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New Zealand Social Sector – Targets overlook the 174,000 children living in worst poverty

By   /  May 22, 2019  /  Comments Off on New Zealand Social Sector – Targets overlook the 174,000 children living in worst poverty

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Source: MIL-OSI Submissions

Source: Child Poverty Action Group
Moreover, the three-year targets amount to a slow shift that will not have nearly enough of an impact for children.
“If we are to see substantial changes in children’s life outcomes – for this generation and the generations to come – then the foundations must be strong. At the moment, the house is built on sand.”
CPAG says that the Government is placing too much faith in its Families Package, which didn’t help children living in households where primary income is from a main benefit nearly enough.
“While the Government has set a target to reduce the number of children in households with less than 50% of median after housing costs (AHC) income by 40,000 from 254,000 to 214,000 by 2020/21. What about those 174,000 children whose household incomes are below 40% AHC?” asks St John.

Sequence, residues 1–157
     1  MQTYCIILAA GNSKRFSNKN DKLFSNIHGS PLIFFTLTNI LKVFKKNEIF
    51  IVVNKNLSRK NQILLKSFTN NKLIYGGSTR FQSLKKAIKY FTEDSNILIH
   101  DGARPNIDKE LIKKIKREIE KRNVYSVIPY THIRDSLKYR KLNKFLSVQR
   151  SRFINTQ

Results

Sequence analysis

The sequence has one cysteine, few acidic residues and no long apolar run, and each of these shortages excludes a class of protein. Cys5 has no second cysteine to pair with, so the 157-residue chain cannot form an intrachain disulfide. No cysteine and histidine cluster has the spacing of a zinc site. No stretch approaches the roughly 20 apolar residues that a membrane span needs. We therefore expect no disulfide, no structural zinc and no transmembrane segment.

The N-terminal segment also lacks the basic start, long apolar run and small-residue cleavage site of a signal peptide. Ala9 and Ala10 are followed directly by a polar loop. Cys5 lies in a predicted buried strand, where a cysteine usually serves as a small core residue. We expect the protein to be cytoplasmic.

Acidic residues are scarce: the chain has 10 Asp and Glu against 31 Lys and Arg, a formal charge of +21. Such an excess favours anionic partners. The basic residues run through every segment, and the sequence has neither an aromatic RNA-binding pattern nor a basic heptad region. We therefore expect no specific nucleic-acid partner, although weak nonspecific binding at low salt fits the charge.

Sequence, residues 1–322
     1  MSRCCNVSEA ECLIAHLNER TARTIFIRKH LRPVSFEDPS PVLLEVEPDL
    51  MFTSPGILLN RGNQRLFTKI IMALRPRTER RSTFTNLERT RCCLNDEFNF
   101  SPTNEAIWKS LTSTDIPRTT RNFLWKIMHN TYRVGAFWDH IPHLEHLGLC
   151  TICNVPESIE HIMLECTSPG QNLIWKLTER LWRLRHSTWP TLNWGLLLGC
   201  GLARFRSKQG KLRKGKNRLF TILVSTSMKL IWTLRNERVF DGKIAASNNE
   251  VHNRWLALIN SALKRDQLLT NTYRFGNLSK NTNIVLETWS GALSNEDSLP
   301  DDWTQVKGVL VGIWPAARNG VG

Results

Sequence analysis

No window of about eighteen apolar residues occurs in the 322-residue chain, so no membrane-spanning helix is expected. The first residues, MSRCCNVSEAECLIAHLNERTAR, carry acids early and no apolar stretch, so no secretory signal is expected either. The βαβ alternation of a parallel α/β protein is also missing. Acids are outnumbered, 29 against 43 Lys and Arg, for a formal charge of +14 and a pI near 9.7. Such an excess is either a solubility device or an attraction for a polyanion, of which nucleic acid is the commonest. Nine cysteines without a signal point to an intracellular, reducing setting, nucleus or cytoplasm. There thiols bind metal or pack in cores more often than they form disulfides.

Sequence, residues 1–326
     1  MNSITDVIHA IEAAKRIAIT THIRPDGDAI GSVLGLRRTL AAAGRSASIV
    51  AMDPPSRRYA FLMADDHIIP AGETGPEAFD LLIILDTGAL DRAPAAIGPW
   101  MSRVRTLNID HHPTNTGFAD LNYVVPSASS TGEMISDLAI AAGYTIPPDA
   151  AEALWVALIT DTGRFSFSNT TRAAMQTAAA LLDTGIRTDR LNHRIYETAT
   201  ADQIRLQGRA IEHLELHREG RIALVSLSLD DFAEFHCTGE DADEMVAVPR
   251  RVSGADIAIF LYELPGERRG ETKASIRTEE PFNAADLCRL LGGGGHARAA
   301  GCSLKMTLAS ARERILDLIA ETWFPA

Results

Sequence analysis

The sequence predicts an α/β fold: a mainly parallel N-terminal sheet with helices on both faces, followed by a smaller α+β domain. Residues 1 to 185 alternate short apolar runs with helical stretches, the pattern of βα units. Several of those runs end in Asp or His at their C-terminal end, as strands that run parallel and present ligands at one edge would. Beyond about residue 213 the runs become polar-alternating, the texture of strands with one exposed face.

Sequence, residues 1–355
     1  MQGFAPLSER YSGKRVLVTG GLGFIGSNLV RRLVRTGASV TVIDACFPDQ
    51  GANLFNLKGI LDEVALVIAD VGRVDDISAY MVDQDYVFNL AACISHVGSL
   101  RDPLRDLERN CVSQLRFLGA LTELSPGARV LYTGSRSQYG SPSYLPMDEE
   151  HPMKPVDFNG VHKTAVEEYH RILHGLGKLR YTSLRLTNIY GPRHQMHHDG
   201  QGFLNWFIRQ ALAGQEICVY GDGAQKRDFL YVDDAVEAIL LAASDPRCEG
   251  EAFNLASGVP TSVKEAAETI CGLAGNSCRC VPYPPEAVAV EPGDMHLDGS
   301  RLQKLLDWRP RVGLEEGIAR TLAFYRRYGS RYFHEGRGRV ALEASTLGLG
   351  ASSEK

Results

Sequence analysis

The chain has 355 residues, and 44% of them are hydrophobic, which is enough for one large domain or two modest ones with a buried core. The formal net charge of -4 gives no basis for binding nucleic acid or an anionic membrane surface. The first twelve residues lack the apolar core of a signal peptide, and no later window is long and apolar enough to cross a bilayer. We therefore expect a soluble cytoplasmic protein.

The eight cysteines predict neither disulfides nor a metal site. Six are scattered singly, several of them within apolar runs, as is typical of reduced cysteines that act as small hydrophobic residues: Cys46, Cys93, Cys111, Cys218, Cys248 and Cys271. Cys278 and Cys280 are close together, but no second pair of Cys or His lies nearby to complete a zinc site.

“The 40% AHC measure is only a supplementary measure. As was our concern, it just doesn’t appear to be a core focus in the targets Government is setting. Reducing child poverty for these worse off children will only happen if core benefits are lifted substantially and they get the full Working for Families package. Government has ruled out benefit rises pre-election and has not shown any sign of fixing the flaws in Working for Families.”
“These are the children with the greatest level of need, and are most at risk of poor life outcomes. If we fail to look after these children – the poverty cycle will remain intact.”
CPAG says that there’s no such thing as the right time for changing policy settings that will make thousands of children living in poverty better off.
“There’s only either right now, or letting things get worse before they get better, which will mean families falling further behind and falling deeper into debt,” says Associate Professor Mike O’Brien, CPAG’s Social Security spokesperson.
“We need to ensure that the Prime Minister is able to fulfill her dream of ending child poverty in New Zealand by ensuring that she has wrap-around support and advocacy from all areas to get these goals across the line – and she needs the full support of her Ministers to achieve it.
“We are looking to the Budget for policies that reflect the recommendations in the WEAG report,” says O’Brien.
“The first of the announcements concerning Welfare are timid at best. We hope that Budget 2019 will yield a more fruitful way forward for our most vulnerable people.”

MIL OSI

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